11.4 –Concession Group Canada Agreement Yes 10-0
       

 

Item 8.3 – Approval for 2022 CanAm Police and Fire Games: I voted NO on spending $580,000 to host the six day competition that will draw 800 people to Windsor.

Simply put – I support Sports Tourism in instances where the City is not the sole or chief sponsor and organizer of a sporting competition.

For example – I supported the Ontario Federation of Secondary Schools Association (OFSSA) provincial championships which brought 5,000 people to Windsor and cost the City about $10,000. I also supported the Memorial Cup bid because the main sponsors and organizer was the CHL and the Windsor Spitfires. The City was one partner of many.

That is smart Sports Tourism – and the key is partnerships.

Looking at the successful bids put forward by the two previous organizers, there are two facts that stand out:

  1. The CanAm Games to be held in the Lake of the Ozarks in 2018 and 2020 is being paid for by the Tri-County Lodging Association (TCLA) which is a consortium of hotel owners. The TCLA was also the main organizer. The taxpayer was not on the hook for the cost. That is smart Sports Tourism.
  1. Windsor’s bid competitor – the City of Lethbridge – put forward $200,000 for the bid. The remaining funding was to be drawn from other partners.

There is a better way to support Sports Tourism – one where the entire financial and organizational burden of hosting the competition is not borne by the taxpayer and City staff.

8.11 – International Playing Card Heritage Alteration Permit: I enthusiastically supported this wonderful project, which will result in a modern elementary school being built that will beautifully incorporate the heritage features of the century-old International Playing Cards building.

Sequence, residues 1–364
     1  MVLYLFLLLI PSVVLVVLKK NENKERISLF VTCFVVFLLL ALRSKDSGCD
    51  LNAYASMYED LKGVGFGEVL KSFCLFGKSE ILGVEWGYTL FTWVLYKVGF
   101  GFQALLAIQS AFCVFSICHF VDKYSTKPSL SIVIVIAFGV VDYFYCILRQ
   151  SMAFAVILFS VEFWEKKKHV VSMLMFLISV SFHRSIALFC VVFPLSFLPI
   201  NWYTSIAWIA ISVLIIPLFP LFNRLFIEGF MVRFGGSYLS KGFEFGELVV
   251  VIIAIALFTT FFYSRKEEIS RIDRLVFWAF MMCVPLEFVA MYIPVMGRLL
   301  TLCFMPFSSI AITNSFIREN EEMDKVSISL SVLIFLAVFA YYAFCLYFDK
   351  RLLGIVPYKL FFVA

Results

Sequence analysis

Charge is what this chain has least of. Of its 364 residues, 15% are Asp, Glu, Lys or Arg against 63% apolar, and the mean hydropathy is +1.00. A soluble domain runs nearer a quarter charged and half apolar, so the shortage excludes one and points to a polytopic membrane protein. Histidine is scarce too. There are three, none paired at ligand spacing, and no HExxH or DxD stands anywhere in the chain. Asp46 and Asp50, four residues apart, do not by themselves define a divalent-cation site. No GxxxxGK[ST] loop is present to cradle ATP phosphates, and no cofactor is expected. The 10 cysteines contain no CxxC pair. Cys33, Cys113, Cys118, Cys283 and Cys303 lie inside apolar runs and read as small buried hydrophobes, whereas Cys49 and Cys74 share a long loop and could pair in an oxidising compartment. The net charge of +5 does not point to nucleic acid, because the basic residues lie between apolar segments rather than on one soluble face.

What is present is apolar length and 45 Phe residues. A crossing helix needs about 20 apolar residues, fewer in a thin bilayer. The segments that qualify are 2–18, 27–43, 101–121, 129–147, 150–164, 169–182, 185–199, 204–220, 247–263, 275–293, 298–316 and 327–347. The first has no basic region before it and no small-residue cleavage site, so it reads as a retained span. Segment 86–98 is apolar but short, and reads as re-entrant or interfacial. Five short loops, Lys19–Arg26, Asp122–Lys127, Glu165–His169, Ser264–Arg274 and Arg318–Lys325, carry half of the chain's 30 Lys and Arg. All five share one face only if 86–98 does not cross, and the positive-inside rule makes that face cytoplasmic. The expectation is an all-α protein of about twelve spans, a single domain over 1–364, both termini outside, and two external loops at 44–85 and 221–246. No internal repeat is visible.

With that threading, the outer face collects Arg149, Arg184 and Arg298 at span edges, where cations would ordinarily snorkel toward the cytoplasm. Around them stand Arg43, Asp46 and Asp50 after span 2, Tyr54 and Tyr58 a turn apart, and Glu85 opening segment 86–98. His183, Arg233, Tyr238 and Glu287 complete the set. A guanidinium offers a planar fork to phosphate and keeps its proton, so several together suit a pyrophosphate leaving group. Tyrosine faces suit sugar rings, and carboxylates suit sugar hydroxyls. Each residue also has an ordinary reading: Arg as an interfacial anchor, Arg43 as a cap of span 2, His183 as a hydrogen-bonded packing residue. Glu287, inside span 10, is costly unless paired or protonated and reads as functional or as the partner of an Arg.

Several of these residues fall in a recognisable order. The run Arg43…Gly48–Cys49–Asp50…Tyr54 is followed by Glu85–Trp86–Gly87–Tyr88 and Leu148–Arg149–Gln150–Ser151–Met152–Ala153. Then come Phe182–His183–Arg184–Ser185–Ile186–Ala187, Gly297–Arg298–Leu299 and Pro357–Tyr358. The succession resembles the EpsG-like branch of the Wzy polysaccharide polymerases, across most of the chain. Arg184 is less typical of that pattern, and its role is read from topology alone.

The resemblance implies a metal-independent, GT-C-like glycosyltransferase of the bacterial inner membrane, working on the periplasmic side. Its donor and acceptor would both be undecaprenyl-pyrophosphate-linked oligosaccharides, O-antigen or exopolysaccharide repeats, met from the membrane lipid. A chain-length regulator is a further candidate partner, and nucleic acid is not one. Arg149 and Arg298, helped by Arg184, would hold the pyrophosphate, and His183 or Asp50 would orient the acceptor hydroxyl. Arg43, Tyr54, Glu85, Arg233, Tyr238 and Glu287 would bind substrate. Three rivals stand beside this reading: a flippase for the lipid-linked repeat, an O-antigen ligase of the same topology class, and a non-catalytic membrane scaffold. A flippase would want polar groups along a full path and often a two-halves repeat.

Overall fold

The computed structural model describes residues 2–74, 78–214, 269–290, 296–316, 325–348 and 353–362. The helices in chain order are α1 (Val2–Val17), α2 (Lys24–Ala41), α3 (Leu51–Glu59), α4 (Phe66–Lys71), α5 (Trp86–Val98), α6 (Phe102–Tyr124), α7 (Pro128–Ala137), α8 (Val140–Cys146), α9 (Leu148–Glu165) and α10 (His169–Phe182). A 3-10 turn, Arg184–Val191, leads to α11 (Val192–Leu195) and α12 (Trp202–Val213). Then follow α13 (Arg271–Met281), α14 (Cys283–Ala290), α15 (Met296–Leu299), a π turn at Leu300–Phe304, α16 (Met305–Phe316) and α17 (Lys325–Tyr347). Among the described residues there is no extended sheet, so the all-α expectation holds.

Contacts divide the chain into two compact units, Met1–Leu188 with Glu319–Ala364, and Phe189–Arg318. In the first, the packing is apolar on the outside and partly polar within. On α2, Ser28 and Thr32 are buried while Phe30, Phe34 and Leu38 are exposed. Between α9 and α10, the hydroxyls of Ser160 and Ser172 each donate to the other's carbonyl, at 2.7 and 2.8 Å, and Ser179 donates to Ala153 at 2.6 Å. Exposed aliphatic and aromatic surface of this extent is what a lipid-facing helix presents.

Full marks to Director Erin Kelly and her team at the Public School Board for their determination to see this project through and for putting forward a vision that will serve generations of Windsor’s children and families – and make our City proud. Bravo.

11.3 – Establishment of Arts Endowment: I was excited to vote YES on this tremendous initiative, which is the establishment of a $2.75 million arts endowment fund.

Full marks to Mayor Dilkens for bringing this idea forward – an idea which provides a solid boost to the blooming of arts and culture in our City.

ITEM # and DESCRIPTION_ IREK VOTED COUNCIL VOTED TYPE OF ITEM
8.12 – Transit Windsor Affordable Pass Program Yes 10-0 Delegations
11.1 – Residential Rental Licensing Yes 10-0 Deferral
8.16 – Windsor Essex Community Housing Corporation – Loan Repayment Application Yes 10-0 Consent

 

11.1 – Residential Rental Licensing: This is one of those issues where there are lots of valid arguments on both sides – and where the decision could respectfully fall either way. After several votes that were deadlocked – 4 to 4 – a motion was put forward to defer the issue to a later date.

There appears to be a universal appreciation that there is a problem – namely, a minority of landlords who are in serious breach of bylaws and certain minimum safety standards. There is also an appreciation of the serious consequences at stake. As well, there appears to be a consensus developing around this issue that the current status quo cannot hold.

Where Council is split is on the prescription to address that particular challenge.

After careful review of best practices in other cities, my position is that before moving towards a rental licensing regime –which will add significant costs to the majority of landlords who abide by the bylaws and maintain certain standard, and which will establish an additional layer of bureaucracy – I firmly believe we should take the interim step of “beefing up” our bylaw enforcement capacity by hiring additional staff who can proactively target the problematic rental units.

After a period of time – e.g. 12 or 24 months – a report can come back and Council can review the performance of the new more robust enforcement regime.